Island farmers come together in Central Saanich event

Networking and learning is the goal of Farmer2Farmer.

Executive Director of CRFAIR

In collaboration with the Young Agrarians, CRFAIR had another successful Farmer2Farmer conference on March 1 and 2. The theme this year was ‘Beyond Competition: Toward Cultures of Cooperation.’

Forming in 1997, Capital Region Food and Agriculture Initiatives Roundtable (CRFAIR) began as an informal networking group of organizations and individuals interested in food. CRFAIR Executive Director, Linda Geggie said at that point, food was just beginning to emerge as an issue of concern on whether people were getting healthy food or if people had enough food.

“And also the sustainability of the global food system was starting to be questioned, so people who were interested in looking at what was important about us, about our food system and what we thought we might want to work to make some changes around …” she said.

CRFAIR works in food literacy, the local economy, food access and health.

“The purpose of CRFAIR is to promote healthy, sustainable food systems, how we do that is by bringing groups and organizations together around collective impact,” said Geggie.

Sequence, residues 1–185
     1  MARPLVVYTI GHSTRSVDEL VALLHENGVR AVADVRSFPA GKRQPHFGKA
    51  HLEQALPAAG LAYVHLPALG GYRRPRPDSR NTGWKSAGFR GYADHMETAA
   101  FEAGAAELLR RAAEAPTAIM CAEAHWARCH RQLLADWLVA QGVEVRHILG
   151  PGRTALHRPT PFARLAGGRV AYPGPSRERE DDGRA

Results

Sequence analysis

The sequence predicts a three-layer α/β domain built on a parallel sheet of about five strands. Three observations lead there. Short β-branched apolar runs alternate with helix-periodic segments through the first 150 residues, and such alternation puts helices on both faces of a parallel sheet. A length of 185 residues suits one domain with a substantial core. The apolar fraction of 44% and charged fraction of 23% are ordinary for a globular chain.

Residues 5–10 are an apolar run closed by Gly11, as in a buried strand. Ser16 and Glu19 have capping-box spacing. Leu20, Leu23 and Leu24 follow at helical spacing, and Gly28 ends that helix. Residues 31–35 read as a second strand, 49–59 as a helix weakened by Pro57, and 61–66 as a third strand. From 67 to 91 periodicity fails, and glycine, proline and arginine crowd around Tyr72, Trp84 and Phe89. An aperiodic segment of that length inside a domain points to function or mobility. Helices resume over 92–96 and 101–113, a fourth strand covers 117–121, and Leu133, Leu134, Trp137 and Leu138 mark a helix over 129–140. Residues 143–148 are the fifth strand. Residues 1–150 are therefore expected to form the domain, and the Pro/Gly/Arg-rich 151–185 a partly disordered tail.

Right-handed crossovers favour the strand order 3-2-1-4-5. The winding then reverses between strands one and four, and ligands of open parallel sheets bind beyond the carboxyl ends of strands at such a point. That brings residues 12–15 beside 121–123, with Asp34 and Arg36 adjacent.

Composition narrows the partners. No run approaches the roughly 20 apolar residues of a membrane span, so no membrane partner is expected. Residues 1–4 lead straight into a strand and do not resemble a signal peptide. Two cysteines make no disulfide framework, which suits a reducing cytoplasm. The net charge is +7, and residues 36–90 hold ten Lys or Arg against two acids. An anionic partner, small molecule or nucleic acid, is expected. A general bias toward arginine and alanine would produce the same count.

It’s working with over 100 organizations to establish long terms goals. Geggie said in this region, individual farmers will produce 25 per cent of the Island’s food by 2025.

“Right now its under 10 per cent so we’ve got a ways to go but events like Farmer2Farmer are one of the things that we’re working together on with a number of different organizations to put on so that we can help to build the capacity within the farm sector to increase their production and to make farming viable.”

In its sixth year, Farmer2Farmer saw farmers from across the region get together to share their knowledge.

There was also a day-long agenda of workshops based on supporting and developing farm business, technical skills, networking and relationship building.

President of the Saanich Fair, Clara Knight, who grew up on a farm said it was great to see young people practice good farming techniques and said the region needs to get farmers together to share, learn and study together.

The workshops had three streams including crop talks, farm business management and profitability.

“To be a farmer now is challenging.,” Geggie continued. “You’ve got to run a business, you’ve got to have growing skills, you have to have marketing skills, you have to employ and manage staff, you have to be able to now deal with your customers and with social media and its very diverse. You kind of have to be a jack of all trades.”

There were three keynote speakers.

Some of the things they spoke about was their farm experience, infrastructure and examples of how they are working with others who have helped strengthen their business.

Geggie said as a farm business, it’s looking at how can they improve the success of their business through co-operating with other farmers.

“Part of this is because the market is really expanding for local food and we have a lot of small scale farmers, how can we move into fulfilling that demand in some of these larger markets?” she said.

In partnership with Young Agrarians, there was also a day focussed on various items to support new farmers, with discussion around how to access land, how to get capital and how to get mentorship and support being a beginning grower.